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Frederic Vasseur Cancelled Sauber Honda Deal on First Day as Boss

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Sauber F1 Team at the 2017 Australian GP

At around the halfway point of last year’s Formula One championship, the Sauber F1 team and Honda had been in talks for an engine deal. Sauber was no longer happy with Ferrari, which was only supplying it with 2016-spec engines rather than the latest 2017 versions—but when team principal Monisha Kaltenborn left the team and was replaced by Frederic Vasseur, the deal with Honda was immediately cancelled. In fact, it turns out it was one of the first things he did.

“I joined on July 17 at 9 AM, and the meeting was at 10 AM,” he told Motorsport in an interview while reflecting his return to the sport. “For me it was important. It is never easy to change the engine supplier first, but Honda was not in a very good shape. Plus, and probably most important for me, was that we were linked to McLaren for the gearbox with absolutely no internal resources to do our own one.”

Crucially, it seems the decision to stick with Ferrari had more to do with factors unrelated to the Honda engine itself, which ended up going to Toro Rosso. Vasseur revealed he had contacts at McLaren who were certain the team would split with Honda, which would have caused all sorts of difficulties in 2018 for Sauber. “Imagine today if I had to request the Honda gearbox from McLaren. It would be an absolute nightmare,” he said. “Being in the process of working on our 2018 car, we were not able to postpone the decision.”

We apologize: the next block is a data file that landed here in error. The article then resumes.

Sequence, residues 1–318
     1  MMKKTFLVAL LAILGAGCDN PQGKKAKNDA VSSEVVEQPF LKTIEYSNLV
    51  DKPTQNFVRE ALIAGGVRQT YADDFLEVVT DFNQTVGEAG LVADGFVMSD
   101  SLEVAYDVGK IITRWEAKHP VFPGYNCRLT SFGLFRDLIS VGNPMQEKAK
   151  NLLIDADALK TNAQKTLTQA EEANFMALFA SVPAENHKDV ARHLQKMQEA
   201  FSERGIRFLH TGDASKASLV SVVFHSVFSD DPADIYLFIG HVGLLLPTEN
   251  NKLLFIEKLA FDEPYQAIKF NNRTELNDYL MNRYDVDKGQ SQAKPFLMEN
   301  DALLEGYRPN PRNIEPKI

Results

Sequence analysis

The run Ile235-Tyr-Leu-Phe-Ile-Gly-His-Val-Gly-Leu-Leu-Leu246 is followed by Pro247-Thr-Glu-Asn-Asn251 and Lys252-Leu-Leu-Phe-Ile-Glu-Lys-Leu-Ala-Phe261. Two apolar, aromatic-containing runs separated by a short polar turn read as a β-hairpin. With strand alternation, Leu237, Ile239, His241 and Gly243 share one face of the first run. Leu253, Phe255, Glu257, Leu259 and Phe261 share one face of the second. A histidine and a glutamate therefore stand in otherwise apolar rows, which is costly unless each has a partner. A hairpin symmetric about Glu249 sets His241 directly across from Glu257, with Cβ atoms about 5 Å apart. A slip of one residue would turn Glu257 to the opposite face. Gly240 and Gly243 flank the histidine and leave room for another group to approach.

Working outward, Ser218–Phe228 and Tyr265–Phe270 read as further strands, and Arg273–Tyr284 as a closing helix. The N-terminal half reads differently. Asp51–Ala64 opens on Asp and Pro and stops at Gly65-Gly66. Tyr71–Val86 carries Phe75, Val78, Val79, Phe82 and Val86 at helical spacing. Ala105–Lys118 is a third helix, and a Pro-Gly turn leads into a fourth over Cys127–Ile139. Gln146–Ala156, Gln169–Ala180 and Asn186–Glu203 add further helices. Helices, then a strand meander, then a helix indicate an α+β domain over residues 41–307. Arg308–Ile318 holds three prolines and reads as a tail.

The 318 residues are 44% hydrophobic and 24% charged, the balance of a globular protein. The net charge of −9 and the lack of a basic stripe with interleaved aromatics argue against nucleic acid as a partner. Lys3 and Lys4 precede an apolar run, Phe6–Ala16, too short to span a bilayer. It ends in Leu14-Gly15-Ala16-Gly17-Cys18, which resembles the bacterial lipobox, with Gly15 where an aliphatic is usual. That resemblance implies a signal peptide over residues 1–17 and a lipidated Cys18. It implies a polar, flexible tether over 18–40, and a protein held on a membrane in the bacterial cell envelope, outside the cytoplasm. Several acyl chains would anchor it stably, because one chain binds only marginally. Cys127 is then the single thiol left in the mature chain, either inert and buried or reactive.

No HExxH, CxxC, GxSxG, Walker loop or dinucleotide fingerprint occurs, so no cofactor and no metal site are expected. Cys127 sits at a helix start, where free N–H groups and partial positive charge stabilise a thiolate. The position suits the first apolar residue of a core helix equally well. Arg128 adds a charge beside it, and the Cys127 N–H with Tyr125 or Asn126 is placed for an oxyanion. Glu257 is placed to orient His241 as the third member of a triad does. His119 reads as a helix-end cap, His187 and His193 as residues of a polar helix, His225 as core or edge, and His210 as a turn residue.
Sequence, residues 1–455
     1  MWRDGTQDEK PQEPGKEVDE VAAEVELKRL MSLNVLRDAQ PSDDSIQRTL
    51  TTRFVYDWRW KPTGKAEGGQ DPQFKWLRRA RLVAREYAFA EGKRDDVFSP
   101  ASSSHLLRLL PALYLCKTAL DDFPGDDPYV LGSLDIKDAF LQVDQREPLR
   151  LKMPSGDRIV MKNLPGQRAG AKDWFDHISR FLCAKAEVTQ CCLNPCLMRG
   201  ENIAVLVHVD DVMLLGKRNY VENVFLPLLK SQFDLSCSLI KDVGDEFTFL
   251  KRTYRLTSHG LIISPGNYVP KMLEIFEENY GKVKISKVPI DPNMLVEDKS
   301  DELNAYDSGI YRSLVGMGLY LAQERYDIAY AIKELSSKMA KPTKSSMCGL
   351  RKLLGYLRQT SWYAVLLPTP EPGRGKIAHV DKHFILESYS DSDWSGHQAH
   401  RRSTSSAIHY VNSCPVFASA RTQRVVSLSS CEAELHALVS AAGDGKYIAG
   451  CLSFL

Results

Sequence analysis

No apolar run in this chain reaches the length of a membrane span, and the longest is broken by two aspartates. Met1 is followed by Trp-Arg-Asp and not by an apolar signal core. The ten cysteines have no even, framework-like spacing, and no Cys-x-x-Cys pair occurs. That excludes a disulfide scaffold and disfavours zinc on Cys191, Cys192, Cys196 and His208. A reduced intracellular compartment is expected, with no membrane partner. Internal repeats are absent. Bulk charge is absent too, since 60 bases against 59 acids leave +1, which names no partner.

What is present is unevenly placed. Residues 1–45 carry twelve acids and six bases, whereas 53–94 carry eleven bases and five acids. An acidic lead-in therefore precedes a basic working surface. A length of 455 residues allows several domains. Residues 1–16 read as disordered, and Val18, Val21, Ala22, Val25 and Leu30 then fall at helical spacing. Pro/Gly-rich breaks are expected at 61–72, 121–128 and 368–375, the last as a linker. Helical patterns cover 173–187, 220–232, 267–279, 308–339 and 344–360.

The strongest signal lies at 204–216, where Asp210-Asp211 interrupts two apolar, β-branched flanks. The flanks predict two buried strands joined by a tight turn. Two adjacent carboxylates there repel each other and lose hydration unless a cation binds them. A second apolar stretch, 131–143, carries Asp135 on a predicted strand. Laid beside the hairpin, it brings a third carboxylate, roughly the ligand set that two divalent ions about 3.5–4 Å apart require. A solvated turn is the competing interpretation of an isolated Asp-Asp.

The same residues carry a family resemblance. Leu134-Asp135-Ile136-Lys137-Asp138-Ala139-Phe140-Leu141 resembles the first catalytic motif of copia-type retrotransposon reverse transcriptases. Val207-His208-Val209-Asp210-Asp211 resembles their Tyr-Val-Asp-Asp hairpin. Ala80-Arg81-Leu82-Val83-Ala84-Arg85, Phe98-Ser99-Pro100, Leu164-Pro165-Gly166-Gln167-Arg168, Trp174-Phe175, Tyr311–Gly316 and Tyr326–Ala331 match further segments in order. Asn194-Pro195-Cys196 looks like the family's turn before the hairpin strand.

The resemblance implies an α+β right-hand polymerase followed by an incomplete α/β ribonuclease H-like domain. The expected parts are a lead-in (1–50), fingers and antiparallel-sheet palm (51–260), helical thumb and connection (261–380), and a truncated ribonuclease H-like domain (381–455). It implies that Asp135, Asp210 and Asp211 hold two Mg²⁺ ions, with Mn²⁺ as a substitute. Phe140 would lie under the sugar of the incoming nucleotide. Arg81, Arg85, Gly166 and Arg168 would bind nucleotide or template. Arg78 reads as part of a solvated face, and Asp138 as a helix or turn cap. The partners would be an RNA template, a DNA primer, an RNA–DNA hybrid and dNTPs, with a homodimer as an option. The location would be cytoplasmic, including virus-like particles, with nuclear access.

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Additionally, Sauber may have been swayed by a new Ferrari deal. The team is now getting Maranello’s latest-spec engine, a new Alfa Romeo sponsorship, and a promising young driver to (hopefully) score some points alongside Marcus Ericsson. Vasseur, however, insists that Sauber will not become Ferrari’s B team despite their closer relationship, and believes the team capable of independently building a great car.

“What people call us doesn’t matter—nobody is taking care of whether we are a junior, or a customer,” he said. “We just have to build up something with them, based on a common approach and mutual agreement. We need to have a close relationship but I don’t want to buy the car of Ferrari because I want to keep the know-how. If we don’t do that, I will be in exactly the same position as we could be in today with the gearbox, and I want to avoid this kind of decision.”

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News Source: Motorsport